Foreign data wrappers and caching (PostgreSQL <=> Oracle)


  • :belt_onion:

    I'm in the middle of planning for a project. One of the requirements is some minor data manipulation in their Oracle database. The database server is not on the same location as the server we're installing, so there's a chance that a connection between them might get lost due to raisins.

    They want some kind of backup solution if the link is temporarily down. We use Postgres for our application, so the most logical course of action is caching the data in a Postgres database if shit hits the fan.

    So, I'm looking into foreign data wrappers. I have used them once successfully (granted, between two Postgres databases, not Postgres and something else) so that seems to work fine. However, there are two questions I can't find a reliable answer for:

    • Is there an easy way to cache remote data locally if the link goes down? Specifically, the first part of the process is checking some user credentials. Caching the credentials even for extended periods of time is acceptable. If possible, I'd like Postgres to cache stuff and keep the application layer oblivious to any problems and just keep it chugging.
    • If there's some caching available, will the data sync up automatically once the link fixes itself or do I have to mess with it manually?

    Anyone have any experiences?



  • Use Oracle RAC? :trolleybus:

    I don't think FDW are anything more than a Postgres view into whatever remote database. EnterpriseDB might have something in PgAdvance Server that helps but I can't recall anything like that off the top of my head.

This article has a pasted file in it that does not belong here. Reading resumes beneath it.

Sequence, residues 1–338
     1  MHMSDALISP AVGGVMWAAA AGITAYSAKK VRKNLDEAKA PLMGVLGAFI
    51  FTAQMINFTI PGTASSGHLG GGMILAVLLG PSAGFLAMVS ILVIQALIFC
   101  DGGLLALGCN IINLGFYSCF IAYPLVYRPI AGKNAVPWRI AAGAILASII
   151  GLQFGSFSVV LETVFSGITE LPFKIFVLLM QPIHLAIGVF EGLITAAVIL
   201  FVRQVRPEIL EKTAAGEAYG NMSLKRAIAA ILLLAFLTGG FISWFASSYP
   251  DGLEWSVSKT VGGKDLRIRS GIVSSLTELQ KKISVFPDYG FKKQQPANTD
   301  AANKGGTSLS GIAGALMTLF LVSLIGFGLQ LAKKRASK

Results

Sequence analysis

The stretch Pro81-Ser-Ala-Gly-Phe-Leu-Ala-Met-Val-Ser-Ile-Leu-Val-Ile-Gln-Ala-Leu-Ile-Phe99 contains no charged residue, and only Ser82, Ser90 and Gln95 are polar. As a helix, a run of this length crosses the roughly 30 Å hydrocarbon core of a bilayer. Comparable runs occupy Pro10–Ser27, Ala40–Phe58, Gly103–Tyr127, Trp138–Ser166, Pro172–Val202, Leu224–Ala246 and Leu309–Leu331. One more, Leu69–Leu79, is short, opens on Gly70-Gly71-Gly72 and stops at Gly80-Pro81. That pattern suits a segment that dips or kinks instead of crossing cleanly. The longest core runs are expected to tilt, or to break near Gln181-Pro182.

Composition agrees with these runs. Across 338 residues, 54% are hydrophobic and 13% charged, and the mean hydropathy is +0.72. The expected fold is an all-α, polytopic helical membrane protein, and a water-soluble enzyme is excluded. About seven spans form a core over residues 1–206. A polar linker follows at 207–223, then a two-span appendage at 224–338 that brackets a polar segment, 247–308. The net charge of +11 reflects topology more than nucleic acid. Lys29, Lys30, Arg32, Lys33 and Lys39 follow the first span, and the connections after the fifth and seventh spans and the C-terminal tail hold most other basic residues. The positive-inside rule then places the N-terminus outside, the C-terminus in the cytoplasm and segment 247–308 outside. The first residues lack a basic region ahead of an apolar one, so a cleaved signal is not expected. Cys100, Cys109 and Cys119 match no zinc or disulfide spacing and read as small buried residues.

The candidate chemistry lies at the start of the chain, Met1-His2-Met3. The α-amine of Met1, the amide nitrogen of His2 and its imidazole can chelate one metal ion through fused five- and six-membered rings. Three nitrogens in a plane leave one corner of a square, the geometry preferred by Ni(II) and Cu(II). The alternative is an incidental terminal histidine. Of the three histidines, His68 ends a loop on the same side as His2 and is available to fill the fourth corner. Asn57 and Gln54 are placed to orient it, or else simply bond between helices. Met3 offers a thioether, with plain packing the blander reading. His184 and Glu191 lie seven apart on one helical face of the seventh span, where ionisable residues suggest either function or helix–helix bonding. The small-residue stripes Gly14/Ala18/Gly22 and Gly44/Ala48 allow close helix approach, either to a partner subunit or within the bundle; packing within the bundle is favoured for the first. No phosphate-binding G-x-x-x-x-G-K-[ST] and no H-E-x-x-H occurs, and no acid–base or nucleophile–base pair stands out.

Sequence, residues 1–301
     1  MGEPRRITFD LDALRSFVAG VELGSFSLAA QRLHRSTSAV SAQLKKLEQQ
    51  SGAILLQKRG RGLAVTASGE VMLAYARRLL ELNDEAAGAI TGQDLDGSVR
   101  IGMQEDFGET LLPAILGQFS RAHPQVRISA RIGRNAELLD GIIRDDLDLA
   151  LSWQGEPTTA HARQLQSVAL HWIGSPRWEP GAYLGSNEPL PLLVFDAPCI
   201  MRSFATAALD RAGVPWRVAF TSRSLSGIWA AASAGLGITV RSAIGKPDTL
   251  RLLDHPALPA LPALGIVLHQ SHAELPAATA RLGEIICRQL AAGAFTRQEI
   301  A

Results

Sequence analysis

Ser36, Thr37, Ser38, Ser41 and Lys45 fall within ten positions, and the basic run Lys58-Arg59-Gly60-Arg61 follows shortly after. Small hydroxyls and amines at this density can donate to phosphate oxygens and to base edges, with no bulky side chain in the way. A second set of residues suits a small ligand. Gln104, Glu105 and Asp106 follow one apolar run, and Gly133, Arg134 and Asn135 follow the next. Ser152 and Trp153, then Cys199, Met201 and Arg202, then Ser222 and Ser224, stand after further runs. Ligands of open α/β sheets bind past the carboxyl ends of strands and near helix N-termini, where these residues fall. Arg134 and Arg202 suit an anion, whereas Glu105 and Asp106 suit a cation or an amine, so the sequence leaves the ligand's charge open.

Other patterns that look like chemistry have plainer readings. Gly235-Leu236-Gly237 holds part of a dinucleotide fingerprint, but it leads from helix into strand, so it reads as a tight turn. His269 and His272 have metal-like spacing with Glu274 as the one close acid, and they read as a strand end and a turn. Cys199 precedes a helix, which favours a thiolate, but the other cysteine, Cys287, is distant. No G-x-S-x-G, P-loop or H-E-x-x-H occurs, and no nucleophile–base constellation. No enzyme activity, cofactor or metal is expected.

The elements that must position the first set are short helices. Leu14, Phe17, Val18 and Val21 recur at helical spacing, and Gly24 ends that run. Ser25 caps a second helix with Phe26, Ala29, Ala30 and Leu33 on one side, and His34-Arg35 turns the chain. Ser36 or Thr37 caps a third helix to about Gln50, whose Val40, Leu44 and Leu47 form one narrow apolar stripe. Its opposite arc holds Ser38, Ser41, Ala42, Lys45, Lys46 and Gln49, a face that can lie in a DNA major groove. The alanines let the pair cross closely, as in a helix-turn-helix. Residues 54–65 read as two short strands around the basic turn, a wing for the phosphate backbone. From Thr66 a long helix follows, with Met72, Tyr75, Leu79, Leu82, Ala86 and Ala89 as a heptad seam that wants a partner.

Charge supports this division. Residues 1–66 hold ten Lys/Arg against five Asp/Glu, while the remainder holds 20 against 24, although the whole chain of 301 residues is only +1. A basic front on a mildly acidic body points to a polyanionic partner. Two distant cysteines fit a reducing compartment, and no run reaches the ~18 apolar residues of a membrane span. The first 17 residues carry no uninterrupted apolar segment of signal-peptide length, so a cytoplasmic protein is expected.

• :belt_onion:

    Yeah, I figured. I asked anyway due to me being a forced "I get shit working eventually" database person. I really don't know all the intricacies, I learn as I go and fuck up a lot as I do, most likely.

    Well, some combination of cron scripts + triggers should do the job, I was just trying not to reinvent the wheel if possible.

    BTW, about the :trolleybus: part: I don't intend to touch anything Oracle on my side, and I don't intend to ask them to install anything extra. Even if serious, I'd reject that suggestion, it's just not worth the pain.



  • @Onyx said:

    Is there an easy way to cache remote data locally if the link goes down? Specifically, the first part of the process is checking some user credentials. Caching the credentials even for extended periods of time is acceptable. If possible, I'd like Postgres to cache stuff and keep the application layer oblivious to any problems and just keep it chugging.

    Use a materialized view or a local table + triggers

    I'd say that "transparent" caching by the FDW itself is a bit evil if it's done. Because it hides the implementation details and caveats from you, so when it fails, you suddenly realize you're not knee-deep but shoulder-deep in shit, because all of a sudden you need to figure out how exactly it works.


  • :belt_onion:

    @wft said:

    Use a materialized view or a local table + triggers

    Yeah, that was the backup plan. I was just trying to be more lazy :stuck_out_tongue:

    @wft said: